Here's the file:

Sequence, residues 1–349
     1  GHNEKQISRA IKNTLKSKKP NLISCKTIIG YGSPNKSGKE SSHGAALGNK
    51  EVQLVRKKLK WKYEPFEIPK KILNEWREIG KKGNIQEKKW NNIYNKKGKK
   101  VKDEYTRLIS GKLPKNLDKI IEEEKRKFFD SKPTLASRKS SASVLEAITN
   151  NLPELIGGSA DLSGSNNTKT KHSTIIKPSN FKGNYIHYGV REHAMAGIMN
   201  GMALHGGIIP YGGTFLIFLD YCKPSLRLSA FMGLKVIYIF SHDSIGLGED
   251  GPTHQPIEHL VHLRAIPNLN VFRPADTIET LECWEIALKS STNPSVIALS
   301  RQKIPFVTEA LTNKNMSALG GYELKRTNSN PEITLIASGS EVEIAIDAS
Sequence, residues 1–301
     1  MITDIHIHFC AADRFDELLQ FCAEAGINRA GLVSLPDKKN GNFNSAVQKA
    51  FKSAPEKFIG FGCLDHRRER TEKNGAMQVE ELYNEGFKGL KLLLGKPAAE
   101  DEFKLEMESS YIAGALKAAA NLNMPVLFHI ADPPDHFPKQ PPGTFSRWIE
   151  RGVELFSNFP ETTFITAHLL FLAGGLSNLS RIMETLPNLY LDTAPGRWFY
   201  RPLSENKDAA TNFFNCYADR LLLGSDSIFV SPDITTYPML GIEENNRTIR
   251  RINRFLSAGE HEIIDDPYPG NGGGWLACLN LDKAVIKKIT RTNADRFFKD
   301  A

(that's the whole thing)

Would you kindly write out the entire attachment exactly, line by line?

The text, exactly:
Sequence, residues 1–349
     1  GHNEKQISRA IKNTLKSKKP NLISCKTIIG YGSPNKSGKE SSHGAALGNK
    51  EVQLVRKKLK WKYEPFEIPK KILNEWREIG KKGNIQEKKW NNIYNKKGKK
   101  VKDEYTRLIS GKLPKNLDKI IEEEKRKFFD SKPTLASRKS SASVLEAITN
   151  NLPELIGGSA DLSGSNNTKT KHSTIIKPSN FKGNYIHYGV REHAMAGIMN
   201  GMALHGGIIP YGGTFLIFLD YCKPSLRLSA FMGLKVIYIF SHDSIGLGED
   251  GPTHQPIEHL VHLRAIPNLN VFRPADTIET LECWEIALKS STNPSVIALS
   301  RQKIPFVTEA LTNKNMSALG GYELKRTNSN PEITLIASGS EVEIAIDAS
Sequence, residues 1–301
     1  MITDIHIHFC AADRFDELLQ FCAEAGINRA GLVSLPDKKN GNFNSAVQKA
    51  FKSAPEKFIG FGCLDHRRER TEKNGAMQVE ELYNEGFKGL KLLLGKPAAE
   101  DEFKLEMESS YIAGALKAAA NLNMPVLFHI ADPPDHFPKQ PPGTFSRWIE
   151  RGVELFSNFP ETTFITAHLL FLAGGLSNLS RIMETLPNLY LDTAPGRWFY
   201  RPLSENKDAA TNFFNCYADR LLLGSDSIFV SPDITTYPML GIEENNRTIR
   251  RINRFLSAGE HEIIDDPYPG NGGGWLACLN LDKAVIKKIT RTNADRFFKD
   301  A